Growing up, Crissy Hendrickson didn’t know what she wanted to be and when asked about her dreams and aspirations, she had no answer but one thing was for sure – it had to involve helping people.
Years later, to honour that pledge, she decided to become an American Peace Corps volunteer. Hendrickson said in her role as an education volunteer, she would help the younger generation of Namibians to become entrepreneurs, business leaders, scientists, doctors, nurses, community health workers and more.
Asked about her focus area, she told Youth Corner: “There is nothing I am focusing on for now, but when I get to a school, I will need to find out what is important to them, and how I can support it.”
Having been in Namibia since May this year, Hendrickson is also eager to lend a helping hand to the new groups of volunteers who will be coming to Namibia in the coming months, saying she benefitted so much from the mentorships of earlier volunteers when she was starting, and would like to help these new volunteers understand how they can be successful here as well.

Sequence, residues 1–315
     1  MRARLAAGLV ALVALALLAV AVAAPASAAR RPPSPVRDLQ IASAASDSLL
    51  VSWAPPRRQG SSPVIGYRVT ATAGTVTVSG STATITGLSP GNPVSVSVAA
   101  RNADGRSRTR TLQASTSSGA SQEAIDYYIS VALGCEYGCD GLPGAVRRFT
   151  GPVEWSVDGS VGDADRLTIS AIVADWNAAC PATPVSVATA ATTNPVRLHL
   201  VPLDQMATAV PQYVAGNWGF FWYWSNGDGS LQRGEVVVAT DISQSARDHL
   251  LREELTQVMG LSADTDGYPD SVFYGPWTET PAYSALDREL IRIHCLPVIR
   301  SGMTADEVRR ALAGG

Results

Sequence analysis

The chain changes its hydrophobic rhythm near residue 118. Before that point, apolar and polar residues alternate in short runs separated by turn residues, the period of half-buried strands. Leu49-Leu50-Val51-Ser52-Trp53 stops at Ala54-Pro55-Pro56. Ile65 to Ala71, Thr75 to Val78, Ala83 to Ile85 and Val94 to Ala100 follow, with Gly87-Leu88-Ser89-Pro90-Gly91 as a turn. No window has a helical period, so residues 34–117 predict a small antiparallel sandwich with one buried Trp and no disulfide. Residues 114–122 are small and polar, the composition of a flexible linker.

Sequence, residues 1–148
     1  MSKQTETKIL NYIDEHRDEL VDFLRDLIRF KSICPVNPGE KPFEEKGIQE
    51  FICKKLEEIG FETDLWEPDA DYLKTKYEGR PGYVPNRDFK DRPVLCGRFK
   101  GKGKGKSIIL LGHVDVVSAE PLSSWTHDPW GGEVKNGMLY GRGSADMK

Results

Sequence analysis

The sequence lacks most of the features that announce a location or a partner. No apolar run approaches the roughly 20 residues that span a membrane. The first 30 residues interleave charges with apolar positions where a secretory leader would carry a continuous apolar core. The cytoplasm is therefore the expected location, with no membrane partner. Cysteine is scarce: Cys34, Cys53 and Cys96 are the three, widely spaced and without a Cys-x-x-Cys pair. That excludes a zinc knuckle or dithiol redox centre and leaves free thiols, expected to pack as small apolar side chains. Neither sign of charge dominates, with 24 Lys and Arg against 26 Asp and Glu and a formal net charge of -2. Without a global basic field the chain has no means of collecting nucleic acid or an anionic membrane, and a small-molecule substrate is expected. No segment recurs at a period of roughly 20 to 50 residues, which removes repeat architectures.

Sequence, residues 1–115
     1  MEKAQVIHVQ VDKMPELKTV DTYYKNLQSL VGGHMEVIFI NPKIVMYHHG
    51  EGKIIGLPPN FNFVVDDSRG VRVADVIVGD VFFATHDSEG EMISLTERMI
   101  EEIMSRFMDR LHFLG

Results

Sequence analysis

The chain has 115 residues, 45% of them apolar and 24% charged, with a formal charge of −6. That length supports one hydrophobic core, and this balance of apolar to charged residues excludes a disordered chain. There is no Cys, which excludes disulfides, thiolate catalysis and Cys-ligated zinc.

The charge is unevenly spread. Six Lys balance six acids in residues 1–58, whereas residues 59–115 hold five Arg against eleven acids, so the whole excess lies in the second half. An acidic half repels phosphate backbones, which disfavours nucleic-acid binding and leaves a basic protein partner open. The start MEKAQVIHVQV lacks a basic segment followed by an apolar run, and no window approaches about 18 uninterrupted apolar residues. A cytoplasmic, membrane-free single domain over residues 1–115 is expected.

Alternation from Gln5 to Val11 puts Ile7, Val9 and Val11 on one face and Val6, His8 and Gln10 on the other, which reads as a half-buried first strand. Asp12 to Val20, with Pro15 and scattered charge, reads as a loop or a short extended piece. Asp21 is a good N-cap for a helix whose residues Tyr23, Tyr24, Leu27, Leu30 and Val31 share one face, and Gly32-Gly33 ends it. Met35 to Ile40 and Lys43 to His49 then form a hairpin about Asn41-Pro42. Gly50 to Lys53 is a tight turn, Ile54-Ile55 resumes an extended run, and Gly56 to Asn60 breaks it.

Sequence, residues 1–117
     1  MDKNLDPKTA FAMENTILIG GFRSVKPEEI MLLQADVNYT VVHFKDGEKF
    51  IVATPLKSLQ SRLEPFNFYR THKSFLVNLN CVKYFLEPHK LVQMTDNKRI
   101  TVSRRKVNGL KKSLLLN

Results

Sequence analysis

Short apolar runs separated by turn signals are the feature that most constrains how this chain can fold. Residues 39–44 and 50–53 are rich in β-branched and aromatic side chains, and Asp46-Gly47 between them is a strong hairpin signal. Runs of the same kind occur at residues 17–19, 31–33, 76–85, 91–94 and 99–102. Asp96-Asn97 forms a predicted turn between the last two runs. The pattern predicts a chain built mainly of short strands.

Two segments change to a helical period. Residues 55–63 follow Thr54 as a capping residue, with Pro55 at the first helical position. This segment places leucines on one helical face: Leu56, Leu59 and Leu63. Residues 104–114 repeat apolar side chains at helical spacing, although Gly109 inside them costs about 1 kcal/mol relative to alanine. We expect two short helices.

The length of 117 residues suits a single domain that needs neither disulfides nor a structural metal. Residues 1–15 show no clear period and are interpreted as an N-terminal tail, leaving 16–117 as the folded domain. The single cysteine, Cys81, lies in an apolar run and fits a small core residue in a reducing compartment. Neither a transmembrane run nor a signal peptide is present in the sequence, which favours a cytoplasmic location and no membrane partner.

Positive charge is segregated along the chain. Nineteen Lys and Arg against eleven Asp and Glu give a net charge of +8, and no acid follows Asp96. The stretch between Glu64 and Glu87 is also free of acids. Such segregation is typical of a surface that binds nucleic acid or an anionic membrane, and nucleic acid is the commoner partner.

She is one of more than 1 800 American volunteers who have come to Namibia since 1990 to work in various sectors, including education, health and economic development.
They serve two-year assignments, during which they live and work in Namibian communities, learn local languages, including Afrikaans, Khoekhoegowab, Otjiherero, Oshindonga, Oshikwanyama, Rukwangali, Rumanyo and Silozi, and integrate into the cultures as they work to advance the priority development aims of communities.
The US Embassy’s Charge d’Affaires Jessica Long said Peace Corps is a special part of the overall US presence in Namibia, and in many ways, a cornerstone of the friendship.
“The US-Namibia relationship is strong and diverse, and it is built upon people-to-people connections. After the U.S. recognised Namibia’s independence in 1990, a memorandum was signed so that Peace Corps volunteers could assist in Namibia’s development,” stated Long.
She said during Hendrickson’s swearing-in ceremony in May that volunteers’ experiences and insights will be different from other Americans. “As you re-engage in your service, it is important to reflect on the significance of the perspective that you will gain as you deepen your understanding of the language, eat the same food, take the same transportation, and ‘go deep’ to integrate and help improve the lives of your neighbours”.